As designated translator, I taste saffron, gold coins, 
a slight burning. Since I’ve returned, there has been less 

of me in English. Though return always meant measuring
the earth’s door, tongue ozoned and still learning 

to stretch between here and home. Sah, my native 
speech is like a window sash pulled up wa down. 

Sah, I shift phrases without thought. Classmates tilt
at my returned self like I grew horns, can shoot bombs 

out my ass. Like they want to dump me in ma’a, 
watch me float like a witch. When I Arabic my way

towards them, they pat my back in case I hack mucus 
wa dem. What do you call a word the mouth has forgotten 

to push out, stuck by the tonsil’s entrance, squirming 
to be sound? Speech becomes a slagged pot I bang crude 

beats on. I long to play a song that doesn’t terrorize, 
a song that’s understood. The mushkila is I am a surging 

current of feared language. Words have stopped arriving
easily. Was it Rumi who said silence is the language 

of God and all else is poor translation? I am not
mathaluhum. I can’t properly translate myself, 

part I hush tongue my floats lake settled a so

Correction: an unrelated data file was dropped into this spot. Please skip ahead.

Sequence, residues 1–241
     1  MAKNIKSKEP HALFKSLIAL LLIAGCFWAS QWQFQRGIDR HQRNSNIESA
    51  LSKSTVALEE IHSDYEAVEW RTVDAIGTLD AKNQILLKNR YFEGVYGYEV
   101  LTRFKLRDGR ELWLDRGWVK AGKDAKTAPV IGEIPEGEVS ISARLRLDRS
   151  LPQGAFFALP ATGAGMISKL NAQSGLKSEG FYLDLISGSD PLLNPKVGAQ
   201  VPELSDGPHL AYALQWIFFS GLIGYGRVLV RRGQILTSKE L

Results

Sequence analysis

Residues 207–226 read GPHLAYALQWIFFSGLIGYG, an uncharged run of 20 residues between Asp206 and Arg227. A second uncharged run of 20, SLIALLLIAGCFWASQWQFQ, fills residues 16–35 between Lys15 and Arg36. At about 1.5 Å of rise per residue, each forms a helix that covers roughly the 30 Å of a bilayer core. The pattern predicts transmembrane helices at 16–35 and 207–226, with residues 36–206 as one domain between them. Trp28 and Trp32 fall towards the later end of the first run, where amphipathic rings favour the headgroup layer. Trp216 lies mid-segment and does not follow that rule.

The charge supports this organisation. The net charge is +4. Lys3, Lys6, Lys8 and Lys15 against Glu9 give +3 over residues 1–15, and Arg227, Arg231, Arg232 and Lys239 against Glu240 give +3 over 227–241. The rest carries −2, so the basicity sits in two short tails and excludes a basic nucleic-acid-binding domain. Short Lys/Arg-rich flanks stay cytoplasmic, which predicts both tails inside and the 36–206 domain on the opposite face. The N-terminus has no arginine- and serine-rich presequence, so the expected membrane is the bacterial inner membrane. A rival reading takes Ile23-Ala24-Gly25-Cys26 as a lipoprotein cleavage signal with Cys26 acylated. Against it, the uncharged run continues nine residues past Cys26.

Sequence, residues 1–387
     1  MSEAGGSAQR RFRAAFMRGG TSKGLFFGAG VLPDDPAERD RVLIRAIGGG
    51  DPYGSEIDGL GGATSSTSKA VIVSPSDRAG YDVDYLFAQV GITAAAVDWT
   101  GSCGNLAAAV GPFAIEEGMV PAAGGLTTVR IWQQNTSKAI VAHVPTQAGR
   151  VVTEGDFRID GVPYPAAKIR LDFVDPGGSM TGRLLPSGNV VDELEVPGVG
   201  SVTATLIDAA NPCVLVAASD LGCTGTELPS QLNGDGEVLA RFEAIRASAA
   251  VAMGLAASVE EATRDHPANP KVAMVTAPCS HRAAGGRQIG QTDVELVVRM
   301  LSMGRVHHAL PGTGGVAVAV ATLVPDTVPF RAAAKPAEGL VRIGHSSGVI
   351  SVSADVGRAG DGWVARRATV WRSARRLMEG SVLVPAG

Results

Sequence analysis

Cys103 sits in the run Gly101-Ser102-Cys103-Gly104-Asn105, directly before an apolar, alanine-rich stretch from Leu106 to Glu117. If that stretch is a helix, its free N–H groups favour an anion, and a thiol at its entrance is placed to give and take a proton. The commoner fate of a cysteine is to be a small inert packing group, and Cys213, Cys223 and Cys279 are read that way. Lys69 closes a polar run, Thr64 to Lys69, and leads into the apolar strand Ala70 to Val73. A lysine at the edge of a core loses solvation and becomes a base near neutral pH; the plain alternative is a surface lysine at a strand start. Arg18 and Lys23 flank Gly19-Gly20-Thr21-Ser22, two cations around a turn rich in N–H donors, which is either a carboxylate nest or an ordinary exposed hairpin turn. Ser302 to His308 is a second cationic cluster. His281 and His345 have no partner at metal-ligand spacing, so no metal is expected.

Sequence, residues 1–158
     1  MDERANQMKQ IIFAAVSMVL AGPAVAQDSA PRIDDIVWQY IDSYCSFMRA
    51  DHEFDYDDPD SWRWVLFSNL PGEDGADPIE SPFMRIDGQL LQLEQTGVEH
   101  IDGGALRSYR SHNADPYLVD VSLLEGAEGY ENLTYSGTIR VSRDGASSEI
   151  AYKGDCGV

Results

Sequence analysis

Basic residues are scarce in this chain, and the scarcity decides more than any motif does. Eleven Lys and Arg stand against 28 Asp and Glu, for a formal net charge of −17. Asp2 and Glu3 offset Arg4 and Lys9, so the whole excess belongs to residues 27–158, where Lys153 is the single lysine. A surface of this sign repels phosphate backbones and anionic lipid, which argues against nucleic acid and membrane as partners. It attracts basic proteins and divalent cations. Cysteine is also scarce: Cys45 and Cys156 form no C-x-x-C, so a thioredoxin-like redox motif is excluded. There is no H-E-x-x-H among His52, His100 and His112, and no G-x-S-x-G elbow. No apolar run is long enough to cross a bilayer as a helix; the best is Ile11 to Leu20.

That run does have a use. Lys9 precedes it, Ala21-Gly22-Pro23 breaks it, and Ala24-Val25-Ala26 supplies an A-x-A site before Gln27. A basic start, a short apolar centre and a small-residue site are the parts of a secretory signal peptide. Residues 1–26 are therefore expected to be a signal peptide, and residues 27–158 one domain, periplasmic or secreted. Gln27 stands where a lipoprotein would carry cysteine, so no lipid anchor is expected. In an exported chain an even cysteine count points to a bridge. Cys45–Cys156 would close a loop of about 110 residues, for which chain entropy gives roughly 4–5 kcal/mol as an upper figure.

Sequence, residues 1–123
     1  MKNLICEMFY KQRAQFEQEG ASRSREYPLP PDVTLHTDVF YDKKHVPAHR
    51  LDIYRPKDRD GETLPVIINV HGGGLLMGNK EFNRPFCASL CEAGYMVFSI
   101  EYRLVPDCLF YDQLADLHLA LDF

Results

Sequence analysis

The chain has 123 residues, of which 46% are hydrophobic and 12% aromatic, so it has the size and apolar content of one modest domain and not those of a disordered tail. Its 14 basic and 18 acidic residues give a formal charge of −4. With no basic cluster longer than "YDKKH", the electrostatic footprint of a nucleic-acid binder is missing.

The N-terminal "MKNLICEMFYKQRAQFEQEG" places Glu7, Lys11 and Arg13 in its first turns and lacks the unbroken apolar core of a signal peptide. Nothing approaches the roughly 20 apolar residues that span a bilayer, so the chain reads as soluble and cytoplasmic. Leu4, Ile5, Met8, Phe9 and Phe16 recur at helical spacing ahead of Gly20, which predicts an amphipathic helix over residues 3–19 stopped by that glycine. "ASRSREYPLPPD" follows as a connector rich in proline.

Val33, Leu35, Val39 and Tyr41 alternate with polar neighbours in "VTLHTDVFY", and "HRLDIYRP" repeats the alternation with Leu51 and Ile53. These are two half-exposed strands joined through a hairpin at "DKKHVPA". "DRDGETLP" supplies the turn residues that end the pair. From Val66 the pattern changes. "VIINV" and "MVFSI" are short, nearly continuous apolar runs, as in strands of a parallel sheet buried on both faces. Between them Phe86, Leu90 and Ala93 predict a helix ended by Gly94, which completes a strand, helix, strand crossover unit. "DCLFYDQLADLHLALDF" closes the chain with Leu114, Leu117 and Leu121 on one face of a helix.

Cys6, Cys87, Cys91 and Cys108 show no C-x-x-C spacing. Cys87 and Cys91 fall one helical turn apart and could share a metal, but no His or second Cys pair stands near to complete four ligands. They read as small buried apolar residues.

need I steam senseless of shrouds spout and lips my
don’t I proof need I with accent my sink to dictionary a
sense make still can I that, cooing blurred a like sound

I lie about my D in Algebra. Turn, She daydreams 
during lessons into, Qaluu I pay attention to detail. 

Turn, She’s suspended for fighting into, I’m such a good
student, they gave me a day off. Each rephrasing 

Pinocchio’s my nose. I am out of breath from so much
code-switching, crunching the sand it leaves my teeth. 

When threatened with a call home, I shrug, Taib. 
Go ahead. They’ll say, yes yes, but won’t yafhumun, 

will ask me about it later so I can twist it. At dinner, 

Baba tells a story of his childhood in Yemen. 
About catching a wild fox with his cousin–—Arabic 

the medium through which his body can return home. 
I drown him out. Ana asif, I don’t mean to. It’s only that 

my languages get mukhtalit, and when he talks it sounds
mathal poetry. So when I hear a line about a lost, 
sly animal, I am struck mute. Think he means me.

Copyright © Threa Almontaser 2020. Originally published in Diode. Reprinted with the permission of the poet.